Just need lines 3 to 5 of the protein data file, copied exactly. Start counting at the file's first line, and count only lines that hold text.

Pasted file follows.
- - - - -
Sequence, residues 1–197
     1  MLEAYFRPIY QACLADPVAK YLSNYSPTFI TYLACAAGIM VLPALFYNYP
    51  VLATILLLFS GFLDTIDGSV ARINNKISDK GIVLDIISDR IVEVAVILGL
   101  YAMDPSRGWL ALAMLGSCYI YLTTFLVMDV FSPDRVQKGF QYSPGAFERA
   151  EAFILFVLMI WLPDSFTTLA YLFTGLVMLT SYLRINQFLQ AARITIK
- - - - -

    51  VLATILLLFS GFLDTIDGSV ARINNKISDK GIVLDIISDR IVEVAVILGL
   101  YAMDPSRGWL ALAMLGSCYI YLTTFLVMDV FSPDRVQKGF QYSPGAFERA
   151  EAFILFVLMI WLPDSFTTLA YLFTGLVMLT SYLRINQFLQ AARITIK